While social and economic protocols and issues undoubtedly form the bedrock of such a grouping the current meeting in Bishkek, comes at a time when the world is once again witnessing international turbulence. The US-China trade war promises to upset many economic understandings. The US-Iran standoff and the threat to the stability of energy supply most adversely affect India and China. The US is attempting to break India’s dependence on Russia for advanced military equipment by offering F-35 aircraft in return for India pulling out of the S-400 deal with Russia; there have been quiet threats about the imposition of Countering America’s Adversaries Through Sanctions Act (CAATSA) against India. While acts of global terror have reduced, notwithstanding the recent suicide bombings in Sri Lanka, the world is yet worried about violent radical extremism and India is particularly concerned about the threats it faces from Pakistan and potentially from others. Global terror is a subject that falls in SCO’s ambit and it is a good opportunity for India to highlight its own case.
The issue which observers in India are focused upon is India-Pakistan relations and how these will manifest at Bishkek. For some months now PM Imran Khan has been making overtures in the hope of a positive Indian response. The SCO meeting gave further hope that there would be an opportunity to break the ice through a Modi-Khan meeting on the sidelines. However, PM Modi chose to adopt a cool approach right from the outset. His decision not to overfly Pakistan airspace was designed to send the message that India will not engage in any peace process as long as Pakistan continued to use terror for attaining its strategic objectives. Actually, Pakistan’s attempt to engage with India continues to appear insincere. Four months after Pulwama attacks, Pakistan is under international scrutiny and much pressure to demonstrate its willingness to forego the use of radical and violent proxies. With its economy in doldrums, Pakistan is keen to showcase a new avatar.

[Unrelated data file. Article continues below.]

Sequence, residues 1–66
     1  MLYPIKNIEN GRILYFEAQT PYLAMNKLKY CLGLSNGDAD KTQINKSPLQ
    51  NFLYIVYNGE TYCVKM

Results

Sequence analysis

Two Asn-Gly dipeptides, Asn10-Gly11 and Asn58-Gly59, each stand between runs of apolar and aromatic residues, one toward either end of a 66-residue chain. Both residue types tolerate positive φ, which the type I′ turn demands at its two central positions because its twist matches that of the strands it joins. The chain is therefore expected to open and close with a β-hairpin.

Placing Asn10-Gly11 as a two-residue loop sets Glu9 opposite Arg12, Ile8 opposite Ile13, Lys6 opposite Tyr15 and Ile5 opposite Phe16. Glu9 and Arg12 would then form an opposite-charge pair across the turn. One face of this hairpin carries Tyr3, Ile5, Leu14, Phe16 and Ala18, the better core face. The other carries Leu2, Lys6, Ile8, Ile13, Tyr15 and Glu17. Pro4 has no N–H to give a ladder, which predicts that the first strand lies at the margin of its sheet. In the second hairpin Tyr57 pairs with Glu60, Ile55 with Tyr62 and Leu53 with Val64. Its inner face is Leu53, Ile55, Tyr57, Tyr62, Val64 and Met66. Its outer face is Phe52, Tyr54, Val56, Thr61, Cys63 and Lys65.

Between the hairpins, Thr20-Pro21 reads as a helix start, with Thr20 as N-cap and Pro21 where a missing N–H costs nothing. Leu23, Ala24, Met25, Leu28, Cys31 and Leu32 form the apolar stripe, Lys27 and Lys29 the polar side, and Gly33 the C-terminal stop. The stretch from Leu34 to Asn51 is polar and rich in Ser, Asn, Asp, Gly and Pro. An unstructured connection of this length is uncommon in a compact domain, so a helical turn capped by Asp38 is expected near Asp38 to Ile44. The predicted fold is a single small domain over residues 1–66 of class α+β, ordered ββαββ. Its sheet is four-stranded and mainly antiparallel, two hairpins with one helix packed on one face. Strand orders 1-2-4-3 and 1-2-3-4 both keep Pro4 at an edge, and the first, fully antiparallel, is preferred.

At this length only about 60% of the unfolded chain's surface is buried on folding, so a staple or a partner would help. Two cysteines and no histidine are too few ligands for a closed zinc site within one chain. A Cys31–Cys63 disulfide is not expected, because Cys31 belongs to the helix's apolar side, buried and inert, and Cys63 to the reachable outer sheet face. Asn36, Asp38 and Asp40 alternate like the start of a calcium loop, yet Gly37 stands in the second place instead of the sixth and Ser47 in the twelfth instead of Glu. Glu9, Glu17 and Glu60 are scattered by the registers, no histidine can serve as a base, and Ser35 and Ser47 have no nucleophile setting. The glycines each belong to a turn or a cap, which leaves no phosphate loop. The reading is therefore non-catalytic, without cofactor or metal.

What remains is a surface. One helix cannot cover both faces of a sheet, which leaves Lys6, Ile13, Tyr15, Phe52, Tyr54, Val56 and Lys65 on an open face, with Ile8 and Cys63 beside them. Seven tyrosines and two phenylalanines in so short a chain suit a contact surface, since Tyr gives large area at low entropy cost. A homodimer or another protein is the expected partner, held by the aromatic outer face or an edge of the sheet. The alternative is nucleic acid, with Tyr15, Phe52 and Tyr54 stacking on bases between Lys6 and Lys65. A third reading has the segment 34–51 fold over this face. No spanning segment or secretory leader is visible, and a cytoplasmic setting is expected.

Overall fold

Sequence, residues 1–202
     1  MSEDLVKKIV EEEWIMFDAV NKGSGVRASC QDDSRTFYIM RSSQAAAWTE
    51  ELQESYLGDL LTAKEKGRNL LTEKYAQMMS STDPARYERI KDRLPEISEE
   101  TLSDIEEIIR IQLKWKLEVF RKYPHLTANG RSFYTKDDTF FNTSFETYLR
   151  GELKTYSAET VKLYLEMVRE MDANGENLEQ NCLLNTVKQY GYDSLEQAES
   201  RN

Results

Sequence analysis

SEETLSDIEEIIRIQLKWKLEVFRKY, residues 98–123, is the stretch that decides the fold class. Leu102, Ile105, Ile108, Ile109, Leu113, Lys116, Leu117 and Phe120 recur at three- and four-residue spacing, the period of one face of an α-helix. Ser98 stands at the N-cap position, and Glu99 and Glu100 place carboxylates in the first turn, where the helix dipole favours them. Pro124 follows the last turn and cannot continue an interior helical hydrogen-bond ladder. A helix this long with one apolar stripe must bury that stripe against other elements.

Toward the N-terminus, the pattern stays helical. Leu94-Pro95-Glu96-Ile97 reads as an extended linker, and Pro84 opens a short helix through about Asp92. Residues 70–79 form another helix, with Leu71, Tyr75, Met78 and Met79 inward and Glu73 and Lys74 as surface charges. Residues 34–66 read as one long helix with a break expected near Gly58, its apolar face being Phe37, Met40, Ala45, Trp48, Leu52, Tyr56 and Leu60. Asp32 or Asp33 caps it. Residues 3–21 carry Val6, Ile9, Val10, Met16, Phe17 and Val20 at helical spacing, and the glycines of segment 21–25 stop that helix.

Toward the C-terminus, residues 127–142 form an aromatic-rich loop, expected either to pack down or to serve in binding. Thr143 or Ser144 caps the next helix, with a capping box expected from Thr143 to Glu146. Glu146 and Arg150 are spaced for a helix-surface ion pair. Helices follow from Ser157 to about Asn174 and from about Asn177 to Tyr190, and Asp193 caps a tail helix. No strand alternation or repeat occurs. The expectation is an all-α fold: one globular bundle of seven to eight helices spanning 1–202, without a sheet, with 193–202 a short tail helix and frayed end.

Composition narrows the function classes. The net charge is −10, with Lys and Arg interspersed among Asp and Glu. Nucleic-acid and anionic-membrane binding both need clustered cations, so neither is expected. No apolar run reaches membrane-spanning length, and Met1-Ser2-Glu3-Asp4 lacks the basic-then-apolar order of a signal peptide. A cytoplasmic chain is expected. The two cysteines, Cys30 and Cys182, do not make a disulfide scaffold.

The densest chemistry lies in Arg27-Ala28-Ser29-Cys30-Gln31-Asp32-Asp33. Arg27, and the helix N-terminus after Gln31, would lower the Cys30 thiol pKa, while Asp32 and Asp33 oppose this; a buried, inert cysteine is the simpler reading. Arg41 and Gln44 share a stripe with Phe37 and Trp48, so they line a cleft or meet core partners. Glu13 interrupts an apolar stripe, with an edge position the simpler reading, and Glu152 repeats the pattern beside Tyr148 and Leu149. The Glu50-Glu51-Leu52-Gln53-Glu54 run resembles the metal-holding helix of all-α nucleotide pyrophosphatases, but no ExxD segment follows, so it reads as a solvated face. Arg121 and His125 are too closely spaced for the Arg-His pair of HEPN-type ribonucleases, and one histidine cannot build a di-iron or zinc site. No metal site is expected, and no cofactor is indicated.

India has the right to safeguard its interests even though the indicators in Jammu & Kashmir do reveal lower levels of strife and violence. Premature decisions in earlier years forced retraction; lessons from there demand prudence in being involved with any further engagement with Pakistan. A forum such as SCO is an ideal one where the projection of India’s morally stronger narrative will help with more international pressure being built upon Pakistan. Russia and China are important players in this regard.
Lastly, while SCO projects India in engagement with two of the major detractors of US interests, India has to remain steadfast with its multilateralism which under the circumstances is the only way forward. It will face more US pressure to retract from further development of these relationships but in geopolitics age, old adages continue to play and binaries are never the norm.